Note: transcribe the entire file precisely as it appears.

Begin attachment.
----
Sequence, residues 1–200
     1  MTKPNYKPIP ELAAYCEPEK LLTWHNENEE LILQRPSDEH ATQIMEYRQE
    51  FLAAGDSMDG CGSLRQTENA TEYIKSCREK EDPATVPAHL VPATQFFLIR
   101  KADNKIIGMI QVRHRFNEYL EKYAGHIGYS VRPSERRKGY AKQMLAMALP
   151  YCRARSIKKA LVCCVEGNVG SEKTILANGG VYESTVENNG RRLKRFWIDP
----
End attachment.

Sequence, residues 1–200
     1  MTKPNYKPIP ELAAYCEPEK LLTWHNENEE LILQRPSDEH ATQIMEYRQE
    51  FLAAGDSMDG CGSLRQTENA TEYIKSCREK EDPATVPAHL VPATQFFLIR
   101  KADNKIIGMI QVRHRFNEYL EKYAGHIGYS VRPSERRKGY AKQMLAMALP
   151  YCRARSIKKA LVCCVEGNVG SEKTILANGG VYESTVENNG RRLKRFWIDP